Tools & Materials
A solidly engineered roof helps protect your house against the elements, of course, but the one installed over Sarah Jack and Scott Harris’s eat-in kitchen does that and more. Planted with hundreds of low-growing succulents, the little flat-roofed extension off their 1925 Colonial Revival helps slow down and filter rainwater runoff. Residential green roofs such as theirs protect natural waterways from oily street residue by lessening the chances that municipal storm-drain systems will overflow. It also keeps the room below it warmer in winter and as much as 6 to 8 degrees cooler in summer, thereby reducing utility costs. The 140 square feet of plantings helps absorb air pollutants, too, and—at $13 to $45 per square foot installed—should last about twice as long as a conventional roof. For all these reasons, the Teaneck, New Jersey, couple felt good about springing for the eco-conscious home improvement. But they also value its aesthetic appeal. “The roof looks so lively and colorful,” says Sarah. “It’s definitely improved our view.”
The LiveRoof modular system they chose is typical of residential models, consisting of plastic trays filled with a soilless engineered growing medium and fully mature sedum plants that can handle both deluge and drought. At 40 pounds each, the trays are heavy and meant to be installed by a certified contractor; R&S Landscaping did the job here. See how this roof went from bare to bountiful—plus the latest on living roof DIY options.
Shown: Hardy sedums are most popular for green roofs because they thrive in a soilless growing medium and are drought tolerant. They just need a yearly trim and occasional fertilizer to look their best. Homeowners can choose from a palette of suitable plants. Sedum spurium ‘Tricolor’ is one of the most ornamental.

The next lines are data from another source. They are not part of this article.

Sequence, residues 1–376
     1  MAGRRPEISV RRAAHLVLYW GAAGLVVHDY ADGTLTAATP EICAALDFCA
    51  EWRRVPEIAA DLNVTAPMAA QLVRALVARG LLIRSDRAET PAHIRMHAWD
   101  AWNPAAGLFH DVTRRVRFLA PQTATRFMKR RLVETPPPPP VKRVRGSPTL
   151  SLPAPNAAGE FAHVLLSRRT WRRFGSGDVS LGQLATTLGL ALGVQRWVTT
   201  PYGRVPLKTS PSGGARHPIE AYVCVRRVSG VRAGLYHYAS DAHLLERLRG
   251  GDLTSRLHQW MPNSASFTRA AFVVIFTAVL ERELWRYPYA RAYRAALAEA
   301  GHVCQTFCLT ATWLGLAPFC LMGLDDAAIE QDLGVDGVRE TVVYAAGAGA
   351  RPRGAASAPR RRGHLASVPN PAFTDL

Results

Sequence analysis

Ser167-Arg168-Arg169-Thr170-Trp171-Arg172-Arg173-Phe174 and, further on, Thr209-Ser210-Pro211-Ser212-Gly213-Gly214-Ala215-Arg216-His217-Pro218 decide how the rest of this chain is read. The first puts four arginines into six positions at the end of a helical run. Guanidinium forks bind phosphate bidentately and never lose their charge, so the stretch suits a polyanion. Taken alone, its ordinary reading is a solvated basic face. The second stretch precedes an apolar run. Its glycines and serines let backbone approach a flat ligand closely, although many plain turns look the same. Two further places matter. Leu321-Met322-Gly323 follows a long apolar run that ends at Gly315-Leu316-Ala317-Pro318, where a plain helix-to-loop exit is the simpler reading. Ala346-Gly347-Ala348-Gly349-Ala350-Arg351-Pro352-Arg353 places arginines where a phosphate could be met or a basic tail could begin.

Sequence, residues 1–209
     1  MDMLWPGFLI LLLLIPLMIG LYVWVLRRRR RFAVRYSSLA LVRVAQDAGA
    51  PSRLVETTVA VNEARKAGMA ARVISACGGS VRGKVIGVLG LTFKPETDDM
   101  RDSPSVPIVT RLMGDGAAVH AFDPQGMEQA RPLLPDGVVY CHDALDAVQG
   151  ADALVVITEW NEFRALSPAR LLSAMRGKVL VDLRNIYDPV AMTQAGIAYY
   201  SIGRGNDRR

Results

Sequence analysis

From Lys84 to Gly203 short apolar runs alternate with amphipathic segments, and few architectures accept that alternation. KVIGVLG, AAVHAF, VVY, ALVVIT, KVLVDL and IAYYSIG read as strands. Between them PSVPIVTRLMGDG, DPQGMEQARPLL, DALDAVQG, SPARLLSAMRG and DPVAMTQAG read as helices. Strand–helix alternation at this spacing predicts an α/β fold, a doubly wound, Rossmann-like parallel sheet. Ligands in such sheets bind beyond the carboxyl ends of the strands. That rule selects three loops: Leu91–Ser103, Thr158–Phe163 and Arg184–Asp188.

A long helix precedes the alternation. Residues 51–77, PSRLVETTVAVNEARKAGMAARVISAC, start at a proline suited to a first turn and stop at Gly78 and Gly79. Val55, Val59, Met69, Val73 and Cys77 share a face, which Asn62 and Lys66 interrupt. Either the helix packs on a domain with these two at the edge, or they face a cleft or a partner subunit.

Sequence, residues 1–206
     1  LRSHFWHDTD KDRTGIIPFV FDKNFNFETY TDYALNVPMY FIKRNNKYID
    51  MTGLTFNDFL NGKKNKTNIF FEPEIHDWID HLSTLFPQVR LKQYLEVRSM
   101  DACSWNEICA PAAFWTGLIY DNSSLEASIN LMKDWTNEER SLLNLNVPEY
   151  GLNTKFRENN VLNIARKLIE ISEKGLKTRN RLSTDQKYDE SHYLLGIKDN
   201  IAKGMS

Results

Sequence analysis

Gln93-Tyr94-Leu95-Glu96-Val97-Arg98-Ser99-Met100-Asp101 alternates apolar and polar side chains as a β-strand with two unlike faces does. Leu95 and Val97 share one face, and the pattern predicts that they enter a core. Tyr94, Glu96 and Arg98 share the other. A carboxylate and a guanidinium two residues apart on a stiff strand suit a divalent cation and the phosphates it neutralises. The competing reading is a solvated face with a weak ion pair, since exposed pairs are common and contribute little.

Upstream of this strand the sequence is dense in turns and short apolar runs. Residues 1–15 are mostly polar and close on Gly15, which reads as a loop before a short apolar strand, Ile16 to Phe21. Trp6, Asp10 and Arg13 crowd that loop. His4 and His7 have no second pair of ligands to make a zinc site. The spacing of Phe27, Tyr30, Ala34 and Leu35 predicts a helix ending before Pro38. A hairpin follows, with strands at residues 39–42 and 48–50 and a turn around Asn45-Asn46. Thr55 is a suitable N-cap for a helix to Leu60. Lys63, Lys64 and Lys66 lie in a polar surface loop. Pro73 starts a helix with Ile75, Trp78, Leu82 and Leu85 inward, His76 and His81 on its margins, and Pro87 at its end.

Prep the Roof
Even a flat roof should have some pitch so that it sheds water toward gutters; for a green-roof installation, that pitch should be at least ¼ inch per foot of run. Before the plants go up, a structural engineer should check to ensure that the roof can support the weight of the engineered growing medium and plants. When saturated, each tray in this system adds up to 30 pounds of load per square foot, which can stress a traditional roof built to support about 25 pounds. For this project, the roof was built to withstand the added load and then covered with a waterproofing membrane. Here, green-roof installer Rob Gaffney adds a second layer of rubber roofing membrane as a root barrier to prevent damage to the roof.
“Get a structural engineer to tell you what your existing roof needs to support the weight of a green roof. You might have to add more joists, strengthen existing ones, or add bracing.”
—Tom Silva, This Old House general contractor
Add Planted Trays